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SloMo: Downclocking WiFi Communication

Feng Lu, Geoffrey M. Voelker, and Alex C. Snoeren

Department of Computer Science and Engineering
University of California, San Diego

Abstract in addition to the costs associated with powering up the

As manufacturers continue to improve the energy effi- transceiver, once awake the WiFi chipset still needs to
ciency of battery-powered wireless devices, WiFi has be- participate in the CSMA channel access scheme which
come one of—if not the—most significant power draws. frequently results in the device spending significant time
Hence, modern devices fastidiously manage their radios, in idle listening mode waiting for its turn to access the
shifting into low-power listening or sleep states when- channel [18, 39]. Moreover, once a device is done trans-
ever possible. The fundamental limitation with this ap- mitting or receiving, it will remain in a tail state for some
proach, however, is that the radio is incapable of trans- period of time in anticipation of subsequent transmis-
mitting or receiving unless it is fully powered. Unfor- sions [18, 21]. To amortize these costs, the 802.11 PSM
tunately, applications found on today’s wireless devices specification has nodes wake up at the granularity of the
often require frequent access to the channel. 100-ms AP beacon interval when they do not have pack-
We observe, however, that many of these same ap- ets to transmit. (Indeed, the popular Nexus One wakes
plications have relatively low bandwidth requirements. up only every 300 ms [18].) Hence, while useful for bulk
Leveraging the inherent sparsity in Direct Sequence data transfers [12] or situations where traffic pattens can
Spread Spectrum (DSSS) modulation, we propose a be predicted precisely [24], PSM-style power saving ap-
transceiver design based on compressive sensing that al- proaches are often ineffective for applications that need
lows WiFi devices to operate their radios at lower clock to send or receive data frequently [39].
rates when receiving and transmitting at low bit rates, In this paper, we consider an alternative to the tra-
thus consuming less power. We have implemented our ditional on/off model. Instead, we explore a technique
802.11b-based design in a software radio platform, and that reduces the power consumption of the WiFi chipset
show that it seamlessly interacts with existing WiFi de- across all of its operating modes: i.e., not just sleep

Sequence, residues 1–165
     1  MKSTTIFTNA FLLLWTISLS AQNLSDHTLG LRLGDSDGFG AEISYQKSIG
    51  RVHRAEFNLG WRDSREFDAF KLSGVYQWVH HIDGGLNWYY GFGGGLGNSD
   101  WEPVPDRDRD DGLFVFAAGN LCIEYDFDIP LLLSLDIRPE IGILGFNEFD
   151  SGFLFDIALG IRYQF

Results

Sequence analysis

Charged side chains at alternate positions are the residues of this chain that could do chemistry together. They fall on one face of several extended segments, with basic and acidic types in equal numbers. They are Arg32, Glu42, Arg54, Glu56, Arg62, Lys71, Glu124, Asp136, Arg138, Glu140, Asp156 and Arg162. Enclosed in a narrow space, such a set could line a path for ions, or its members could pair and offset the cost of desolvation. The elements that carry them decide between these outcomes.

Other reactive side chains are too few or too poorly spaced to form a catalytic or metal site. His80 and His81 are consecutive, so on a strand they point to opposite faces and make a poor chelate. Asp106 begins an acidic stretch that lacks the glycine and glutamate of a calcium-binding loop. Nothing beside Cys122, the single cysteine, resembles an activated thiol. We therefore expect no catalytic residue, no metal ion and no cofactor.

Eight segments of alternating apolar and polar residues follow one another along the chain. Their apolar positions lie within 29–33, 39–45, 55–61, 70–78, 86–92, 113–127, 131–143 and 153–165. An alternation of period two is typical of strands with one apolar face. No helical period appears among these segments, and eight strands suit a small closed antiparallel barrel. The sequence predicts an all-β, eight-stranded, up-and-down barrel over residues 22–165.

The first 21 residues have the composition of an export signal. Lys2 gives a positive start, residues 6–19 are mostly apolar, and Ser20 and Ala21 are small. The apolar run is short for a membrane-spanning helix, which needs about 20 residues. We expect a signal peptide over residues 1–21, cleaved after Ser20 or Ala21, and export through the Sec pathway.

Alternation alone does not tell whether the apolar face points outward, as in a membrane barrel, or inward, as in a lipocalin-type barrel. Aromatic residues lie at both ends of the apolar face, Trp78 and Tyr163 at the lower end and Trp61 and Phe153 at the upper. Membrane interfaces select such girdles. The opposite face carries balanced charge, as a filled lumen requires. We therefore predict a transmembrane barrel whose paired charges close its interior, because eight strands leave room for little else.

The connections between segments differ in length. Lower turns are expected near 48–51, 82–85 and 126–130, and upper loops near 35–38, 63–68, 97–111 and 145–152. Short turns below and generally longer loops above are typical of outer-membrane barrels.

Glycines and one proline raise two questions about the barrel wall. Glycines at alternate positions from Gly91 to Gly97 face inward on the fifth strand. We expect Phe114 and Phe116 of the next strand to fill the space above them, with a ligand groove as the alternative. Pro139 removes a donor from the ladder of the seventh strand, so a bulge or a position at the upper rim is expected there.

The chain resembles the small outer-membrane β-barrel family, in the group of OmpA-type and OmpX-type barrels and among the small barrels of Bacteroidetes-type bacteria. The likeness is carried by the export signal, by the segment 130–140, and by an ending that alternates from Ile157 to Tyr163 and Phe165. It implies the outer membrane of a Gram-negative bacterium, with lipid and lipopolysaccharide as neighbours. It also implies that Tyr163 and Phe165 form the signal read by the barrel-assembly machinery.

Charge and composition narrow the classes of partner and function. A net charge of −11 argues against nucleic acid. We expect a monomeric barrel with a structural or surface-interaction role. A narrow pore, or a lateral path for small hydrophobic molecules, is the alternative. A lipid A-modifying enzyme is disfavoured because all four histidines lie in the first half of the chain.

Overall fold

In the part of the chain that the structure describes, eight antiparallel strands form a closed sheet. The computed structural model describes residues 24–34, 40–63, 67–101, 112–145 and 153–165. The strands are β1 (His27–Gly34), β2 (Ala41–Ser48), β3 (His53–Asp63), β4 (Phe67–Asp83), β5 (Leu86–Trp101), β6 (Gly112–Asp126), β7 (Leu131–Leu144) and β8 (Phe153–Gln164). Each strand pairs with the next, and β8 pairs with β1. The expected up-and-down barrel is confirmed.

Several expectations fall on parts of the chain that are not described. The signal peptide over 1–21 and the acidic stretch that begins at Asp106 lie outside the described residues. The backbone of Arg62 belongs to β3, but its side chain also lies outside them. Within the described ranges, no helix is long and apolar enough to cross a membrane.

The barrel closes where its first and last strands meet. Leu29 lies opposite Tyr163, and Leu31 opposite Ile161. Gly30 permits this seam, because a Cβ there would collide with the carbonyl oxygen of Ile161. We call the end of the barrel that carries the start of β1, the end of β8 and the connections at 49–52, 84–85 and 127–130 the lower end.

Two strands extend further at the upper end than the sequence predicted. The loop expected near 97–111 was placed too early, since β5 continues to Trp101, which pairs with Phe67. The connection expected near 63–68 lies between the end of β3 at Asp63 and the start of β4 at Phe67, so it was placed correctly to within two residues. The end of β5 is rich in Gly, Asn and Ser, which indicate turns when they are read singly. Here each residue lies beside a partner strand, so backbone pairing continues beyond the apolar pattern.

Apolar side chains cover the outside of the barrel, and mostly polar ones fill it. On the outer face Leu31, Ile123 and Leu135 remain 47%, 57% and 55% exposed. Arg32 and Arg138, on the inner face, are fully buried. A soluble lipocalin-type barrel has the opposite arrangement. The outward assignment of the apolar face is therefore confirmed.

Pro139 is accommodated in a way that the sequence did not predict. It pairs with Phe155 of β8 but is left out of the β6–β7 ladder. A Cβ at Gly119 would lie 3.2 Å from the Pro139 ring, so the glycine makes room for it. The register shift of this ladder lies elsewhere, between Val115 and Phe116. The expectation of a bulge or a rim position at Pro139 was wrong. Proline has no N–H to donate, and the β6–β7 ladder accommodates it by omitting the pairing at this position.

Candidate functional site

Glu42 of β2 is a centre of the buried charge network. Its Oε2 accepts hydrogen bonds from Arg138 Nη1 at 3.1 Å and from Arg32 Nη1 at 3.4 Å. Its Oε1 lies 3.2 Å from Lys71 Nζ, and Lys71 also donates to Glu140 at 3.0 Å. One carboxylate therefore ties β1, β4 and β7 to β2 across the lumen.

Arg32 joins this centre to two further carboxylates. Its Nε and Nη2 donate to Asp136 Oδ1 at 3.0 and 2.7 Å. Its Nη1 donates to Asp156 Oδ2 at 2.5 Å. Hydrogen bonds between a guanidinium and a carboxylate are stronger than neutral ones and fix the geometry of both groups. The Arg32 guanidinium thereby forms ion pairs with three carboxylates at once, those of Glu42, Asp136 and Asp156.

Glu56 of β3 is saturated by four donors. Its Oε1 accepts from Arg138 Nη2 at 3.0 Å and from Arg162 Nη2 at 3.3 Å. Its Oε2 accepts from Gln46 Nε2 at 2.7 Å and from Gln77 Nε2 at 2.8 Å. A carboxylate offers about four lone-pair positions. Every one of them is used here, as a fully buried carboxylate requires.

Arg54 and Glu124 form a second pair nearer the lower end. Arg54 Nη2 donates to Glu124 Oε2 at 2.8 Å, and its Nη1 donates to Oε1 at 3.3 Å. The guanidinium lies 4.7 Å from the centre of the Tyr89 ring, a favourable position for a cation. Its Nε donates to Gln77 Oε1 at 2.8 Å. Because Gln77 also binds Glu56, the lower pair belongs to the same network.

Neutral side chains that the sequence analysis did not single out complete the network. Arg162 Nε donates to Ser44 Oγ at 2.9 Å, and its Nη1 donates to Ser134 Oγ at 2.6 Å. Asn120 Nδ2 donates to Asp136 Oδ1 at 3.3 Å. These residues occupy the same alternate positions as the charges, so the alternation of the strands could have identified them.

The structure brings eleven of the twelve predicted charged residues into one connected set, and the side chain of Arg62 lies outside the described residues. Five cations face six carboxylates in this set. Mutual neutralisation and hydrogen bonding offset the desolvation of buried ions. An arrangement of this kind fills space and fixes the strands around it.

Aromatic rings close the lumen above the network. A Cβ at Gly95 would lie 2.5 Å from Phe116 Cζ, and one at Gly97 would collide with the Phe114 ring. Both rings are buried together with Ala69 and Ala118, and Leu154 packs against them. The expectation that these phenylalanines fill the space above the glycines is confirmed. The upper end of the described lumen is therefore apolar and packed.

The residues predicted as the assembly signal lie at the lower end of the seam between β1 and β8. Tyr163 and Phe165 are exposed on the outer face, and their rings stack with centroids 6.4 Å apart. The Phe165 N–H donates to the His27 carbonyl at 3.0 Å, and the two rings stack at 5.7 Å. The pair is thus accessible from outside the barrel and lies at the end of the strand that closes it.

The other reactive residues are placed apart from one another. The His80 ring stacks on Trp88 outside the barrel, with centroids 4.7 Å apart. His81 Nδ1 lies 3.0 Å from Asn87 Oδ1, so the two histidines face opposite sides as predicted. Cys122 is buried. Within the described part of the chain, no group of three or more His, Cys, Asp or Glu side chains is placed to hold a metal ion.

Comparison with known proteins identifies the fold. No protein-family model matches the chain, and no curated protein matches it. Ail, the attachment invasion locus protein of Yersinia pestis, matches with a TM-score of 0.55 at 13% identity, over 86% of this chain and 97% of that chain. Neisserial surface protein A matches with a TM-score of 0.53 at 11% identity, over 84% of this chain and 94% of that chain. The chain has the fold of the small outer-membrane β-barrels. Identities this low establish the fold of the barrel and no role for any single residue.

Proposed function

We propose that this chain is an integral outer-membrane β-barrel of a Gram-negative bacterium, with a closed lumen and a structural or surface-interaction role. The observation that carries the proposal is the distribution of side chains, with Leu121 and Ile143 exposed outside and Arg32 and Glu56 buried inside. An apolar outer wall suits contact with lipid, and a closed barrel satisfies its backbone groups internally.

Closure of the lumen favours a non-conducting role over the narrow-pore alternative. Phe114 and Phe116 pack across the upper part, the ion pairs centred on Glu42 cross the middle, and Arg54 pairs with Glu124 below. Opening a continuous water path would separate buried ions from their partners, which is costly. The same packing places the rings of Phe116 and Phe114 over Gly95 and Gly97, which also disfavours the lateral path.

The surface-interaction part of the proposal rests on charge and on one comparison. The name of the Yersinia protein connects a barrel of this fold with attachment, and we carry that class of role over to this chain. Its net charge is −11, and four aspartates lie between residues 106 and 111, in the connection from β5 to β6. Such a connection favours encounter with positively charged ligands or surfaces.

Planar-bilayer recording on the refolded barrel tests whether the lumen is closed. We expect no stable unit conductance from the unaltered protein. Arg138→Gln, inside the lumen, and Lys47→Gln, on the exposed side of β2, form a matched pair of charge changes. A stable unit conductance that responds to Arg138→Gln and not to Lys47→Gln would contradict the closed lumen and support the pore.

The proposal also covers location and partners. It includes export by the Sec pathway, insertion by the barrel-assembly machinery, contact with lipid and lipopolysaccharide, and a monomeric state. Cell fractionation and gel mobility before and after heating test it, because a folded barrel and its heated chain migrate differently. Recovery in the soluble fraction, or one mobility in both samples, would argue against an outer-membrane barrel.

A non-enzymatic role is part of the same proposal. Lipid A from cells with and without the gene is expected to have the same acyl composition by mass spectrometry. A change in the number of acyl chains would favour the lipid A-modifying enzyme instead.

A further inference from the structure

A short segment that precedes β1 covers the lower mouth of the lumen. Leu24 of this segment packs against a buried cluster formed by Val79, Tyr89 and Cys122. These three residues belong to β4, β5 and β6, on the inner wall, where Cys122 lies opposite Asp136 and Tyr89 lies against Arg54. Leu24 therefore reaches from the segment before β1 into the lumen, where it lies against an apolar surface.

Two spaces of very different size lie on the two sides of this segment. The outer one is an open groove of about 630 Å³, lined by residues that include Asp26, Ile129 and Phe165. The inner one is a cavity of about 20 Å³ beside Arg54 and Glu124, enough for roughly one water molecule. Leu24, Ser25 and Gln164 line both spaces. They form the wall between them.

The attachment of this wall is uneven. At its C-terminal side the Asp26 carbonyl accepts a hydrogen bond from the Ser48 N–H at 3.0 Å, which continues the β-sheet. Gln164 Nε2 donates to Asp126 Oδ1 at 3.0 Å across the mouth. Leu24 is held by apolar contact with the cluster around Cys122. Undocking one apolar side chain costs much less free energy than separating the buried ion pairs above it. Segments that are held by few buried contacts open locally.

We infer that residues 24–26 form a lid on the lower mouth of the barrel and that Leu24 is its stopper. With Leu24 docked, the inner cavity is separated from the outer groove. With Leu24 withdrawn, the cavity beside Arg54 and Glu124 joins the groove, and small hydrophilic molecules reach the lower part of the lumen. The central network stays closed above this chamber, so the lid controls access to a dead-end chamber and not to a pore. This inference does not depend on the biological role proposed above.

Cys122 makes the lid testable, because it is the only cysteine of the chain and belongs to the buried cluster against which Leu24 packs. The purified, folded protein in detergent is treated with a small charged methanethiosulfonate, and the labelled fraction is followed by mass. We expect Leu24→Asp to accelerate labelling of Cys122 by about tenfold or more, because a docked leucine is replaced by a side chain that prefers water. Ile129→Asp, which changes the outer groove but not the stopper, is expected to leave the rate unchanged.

ployments. Our prototype remains fully functional when and listen, but send and receive as well. Our approach
the clock rate is reduced by a factor of five, potentially leverages the excess channel capacity provided by many
reducing power consumption by over 30%. WiFi networks when compared to the bandwidth de-
mands of most smartphone applications. Traditionally,
1 Introduction when faced with low-demand clients, system designers
Smartphones and other battery-powered wireless devices have used excess channel capacity to improve reception
are becoming increasingly popular platforms for all man- rates by introducing redundant coding and/or reducing
ner of network applications. As a result, the energy usage transmission power. For example, 802.11n specifies a
of the radios on these devices is a source of consider- wide variety of link rates, ranging from 1 to 150 Mbps
able concern. Unsurprisingly, a large number of tech- and beyond. The lower link rates use more robust encod-
niques have been proposed to help manage the power ing and signaling schemes that can be decoded at lower
consumption of both cellular and WiFi devices. Focus- signal-to-noise ratios (SNRs). These schemes translate
ing particularly on the WiFi domain, the basic approach into longer range or the ability to decrease transmission
has been to implement extremely low-power listening or power which, along with the potential for power savings
sleep modes, and transition the devices into operational at the sender, can increase spatial reuse. We observe that
mode as little as possible [12, 18, 27]. The fundamental one can instead turn excess channel capacity into an op-
limitation with such approaches, however, is that the ra- portunity to save power at the receiver.
dio is incapable of transmitting or receiving unless it is Our power savings comes from operating the WiFi
fully powered. Unfortunately, recent studies have shown chipset at a lower clock rate. Zhang and Shin demon-
that a wide variety of popular applications make frequent strated a wireless receiver that can be downclocked
and persistent use of the network [21], frustrating at- yet still detect packets [39]. We show how to allow
tempts to keep the WiFi chipset in a power-efficient state. transceivers to remain downclocked during reception and
Transitioning in and out of sleep mode adds significant transmission as well. We propose a receiver design based
overhead, both in terms of time and energy. In particular, on recent advances in compressive sensing [33] that takes

advantage of the inherent sparsity of the Direct Sequence some apps prevent the WiFi device from entering PSM
Spread Spectrum (DSSS) modulation used by 802.11b. mode, forcing the WiFi card to stay awake in an effort to
With our design, clients with low demand can operate improve performance [9, 35]. Because SloMo decreases
their radios at a reduced clock rate while continuing to power consumption across all WiFi states, it can still re-
communicate with commercial WiFi devices. duce energy consumption in these cases.
We have implemented a prototype of our 802.11b- Device duty cycling. Others take a more drastic ap-